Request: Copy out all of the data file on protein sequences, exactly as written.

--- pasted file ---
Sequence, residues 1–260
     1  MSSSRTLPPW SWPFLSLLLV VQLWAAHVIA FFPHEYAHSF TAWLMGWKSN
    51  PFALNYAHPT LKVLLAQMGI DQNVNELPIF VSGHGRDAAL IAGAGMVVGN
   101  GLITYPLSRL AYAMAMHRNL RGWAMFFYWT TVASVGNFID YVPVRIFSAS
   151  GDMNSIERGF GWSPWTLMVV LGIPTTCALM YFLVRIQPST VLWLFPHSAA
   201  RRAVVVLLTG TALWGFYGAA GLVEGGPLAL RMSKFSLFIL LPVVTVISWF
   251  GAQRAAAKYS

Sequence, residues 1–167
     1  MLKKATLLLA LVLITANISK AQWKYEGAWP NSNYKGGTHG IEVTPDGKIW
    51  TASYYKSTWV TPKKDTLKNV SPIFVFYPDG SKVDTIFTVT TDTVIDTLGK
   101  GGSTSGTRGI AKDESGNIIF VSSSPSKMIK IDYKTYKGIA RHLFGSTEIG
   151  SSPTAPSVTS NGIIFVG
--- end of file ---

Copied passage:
Sequence, residues 1–260
     1  MSSSRTLPPW SWPFLSLLLV VQLWAAHVIA FFPHEYAHSF TAWLMGWKSN
    51  PFALNYAHPT LKVLLAQMGI DQNVNELPIF VSGHGRDAAL IAGAGMVVGN
   101  GLITYPLSRL AYAMAMHRNL RGWAMFFYWT TVASVGNFID YVPVRIFSAS
   151  GDMNSIERGF GWSPWTLMVV LGIPTTCALM YFLVRIQPST VLWLFPHSAA
   201  RRAVVVLLTG TALWGFYGAA GLVEGGPLAL RMSKFSLFIL LPVVTVISWF
   251  GAQRAAAKYS

Sequence, residues 1–167
     1  MLKKATLLLA LVLITANISK AQWKYEGAWP NSNYKGGTHG IEVTPDGKIW
    51  TASYYKSTWV TPKKDTLKNV SPIFVFYPDG SKVDTIFTVT TDTVIDTLGK
   101  GGSTSGTRGI AKDESGNIIF VSSSPSKMIK IDYKTYKGIA RHLFGSTEIG
   151  SSPTAPSVTS NGIIFVG